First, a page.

The yen climbed to its strongest level in almost a month against the dollar as Hurricane Gustav approached the Gulf of Mexico, halting most oil and natural-gas output from the region. The currency stayed higher after Japanese Prime Minister Yasuo Fukuda resigned. The pound fell to a record low against the euro after Chancellor of the Exchequer Alistair Darling said the British economy faces the worst slump in 60 years.
The yen rose to 157.56 per euro, the strongest level since April 1, before trading at 157.75 at 1:52 p.m. in London, from 159.65 in New York on Aug. 29. Japan's currency climbed to 107.63 per dollar, the strongest since Aug. 4, before trading at 107.94 yen, from 108.80. The euro slid to $1.4613, from $1.4673.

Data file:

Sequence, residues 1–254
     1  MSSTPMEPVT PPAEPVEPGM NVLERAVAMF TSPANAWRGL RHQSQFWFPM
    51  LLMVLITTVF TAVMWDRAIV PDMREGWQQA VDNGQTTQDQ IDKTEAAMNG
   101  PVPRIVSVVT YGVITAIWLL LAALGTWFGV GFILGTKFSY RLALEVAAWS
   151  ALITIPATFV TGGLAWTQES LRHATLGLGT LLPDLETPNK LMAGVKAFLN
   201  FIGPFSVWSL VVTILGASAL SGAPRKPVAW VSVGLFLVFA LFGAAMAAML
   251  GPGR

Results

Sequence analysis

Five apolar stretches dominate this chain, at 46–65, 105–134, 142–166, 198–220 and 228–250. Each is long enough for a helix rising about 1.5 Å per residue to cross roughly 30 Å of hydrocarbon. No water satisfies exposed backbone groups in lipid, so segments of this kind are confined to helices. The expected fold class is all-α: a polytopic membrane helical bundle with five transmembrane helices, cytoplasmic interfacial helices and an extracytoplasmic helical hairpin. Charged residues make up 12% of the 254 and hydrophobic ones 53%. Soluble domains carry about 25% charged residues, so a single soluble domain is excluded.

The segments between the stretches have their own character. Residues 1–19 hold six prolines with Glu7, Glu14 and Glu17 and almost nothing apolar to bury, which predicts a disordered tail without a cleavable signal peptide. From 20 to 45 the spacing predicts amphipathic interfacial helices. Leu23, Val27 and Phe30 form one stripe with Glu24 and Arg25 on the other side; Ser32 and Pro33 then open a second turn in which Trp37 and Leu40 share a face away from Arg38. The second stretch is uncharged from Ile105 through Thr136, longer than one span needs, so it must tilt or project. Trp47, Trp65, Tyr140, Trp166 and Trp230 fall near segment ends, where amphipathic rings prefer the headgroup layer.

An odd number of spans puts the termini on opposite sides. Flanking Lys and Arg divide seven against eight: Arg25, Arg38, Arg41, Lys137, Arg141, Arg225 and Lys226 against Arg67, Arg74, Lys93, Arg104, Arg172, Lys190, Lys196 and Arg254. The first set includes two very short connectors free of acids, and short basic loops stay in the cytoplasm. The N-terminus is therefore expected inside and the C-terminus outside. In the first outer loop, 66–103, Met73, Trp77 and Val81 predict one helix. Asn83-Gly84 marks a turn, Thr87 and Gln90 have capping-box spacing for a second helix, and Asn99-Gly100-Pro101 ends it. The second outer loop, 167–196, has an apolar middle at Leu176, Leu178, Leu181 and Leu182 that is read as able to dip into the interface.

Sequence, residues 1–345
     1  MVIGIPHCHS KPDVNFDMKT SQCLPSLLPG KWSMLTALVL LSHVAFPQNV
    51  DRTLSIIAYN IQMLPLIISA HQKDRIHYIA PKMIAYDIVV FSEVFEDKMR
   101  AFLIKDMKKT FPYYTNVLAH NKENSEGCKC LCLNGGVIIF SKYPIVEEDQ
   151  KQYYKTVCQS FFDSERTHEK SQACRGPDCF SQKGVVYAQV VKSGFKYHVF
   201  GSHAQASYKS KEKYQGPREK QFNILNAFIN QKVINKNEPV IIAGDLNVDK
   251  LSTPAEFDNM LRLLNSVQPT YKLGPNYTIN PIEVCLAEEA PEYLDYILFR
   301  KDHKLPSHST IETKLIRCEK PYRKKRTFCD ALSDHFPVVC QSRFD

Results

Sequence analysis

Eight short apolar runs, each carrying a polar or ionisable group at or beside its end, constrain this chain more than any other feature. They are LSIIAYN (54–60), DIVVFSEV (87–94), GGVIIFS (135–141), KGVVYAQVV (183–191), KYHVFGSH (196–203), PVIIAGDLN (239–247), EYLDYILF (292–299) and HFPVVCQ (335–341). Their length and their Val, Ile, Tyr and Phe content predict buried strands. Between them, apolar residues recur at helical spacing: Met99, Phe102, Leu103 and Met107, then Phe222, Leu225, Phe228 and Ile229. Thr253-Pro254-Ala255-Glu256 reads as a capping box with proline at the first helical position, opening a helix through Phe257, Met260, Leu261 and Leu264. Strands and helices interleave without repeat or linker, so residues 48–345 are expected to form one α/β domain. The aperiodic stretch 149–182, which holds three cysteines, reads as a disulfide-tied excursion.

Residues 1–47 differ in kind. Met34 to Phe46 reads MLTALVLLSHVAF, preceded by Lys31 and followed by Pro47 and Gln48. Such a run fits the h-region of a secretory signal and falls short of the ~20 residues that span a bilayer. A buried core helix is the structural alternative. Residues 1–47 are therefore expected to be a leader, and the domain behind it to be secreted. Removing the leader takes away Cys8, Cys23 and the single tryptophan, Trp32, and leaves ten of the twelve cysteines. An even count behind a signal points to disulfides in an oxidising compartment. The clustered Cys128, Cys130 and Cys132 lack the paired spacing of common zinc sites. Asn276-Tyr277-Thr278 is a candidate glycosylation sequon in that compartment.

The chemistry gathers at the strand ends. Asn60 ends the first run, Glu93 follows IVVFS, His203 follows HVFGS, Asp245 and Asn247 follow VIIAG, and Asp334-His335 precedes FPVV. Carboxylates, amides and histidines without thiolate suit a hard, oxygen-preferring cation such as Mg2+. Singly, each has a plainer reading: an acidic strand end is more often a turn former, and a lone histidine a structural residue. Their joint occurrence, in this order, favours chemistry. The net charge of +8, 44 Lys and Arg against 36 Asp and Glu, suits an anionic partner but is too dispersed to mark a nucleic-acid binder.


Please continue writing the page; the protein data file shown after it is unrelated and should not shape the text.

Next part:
Currency trading may be below usual levels because U.S. financial markets are closed today for a public holiday.
Stocks in Europe and Asia fell as rising oil prices dimmed the earnings outlook for airlines and weaker consumer spending weighed on technology companies. Europe's Dow Jones Stoxx 600 Index slipped 0.4 percent. The MSCI Asia Pacific Index lost 1.8 percent.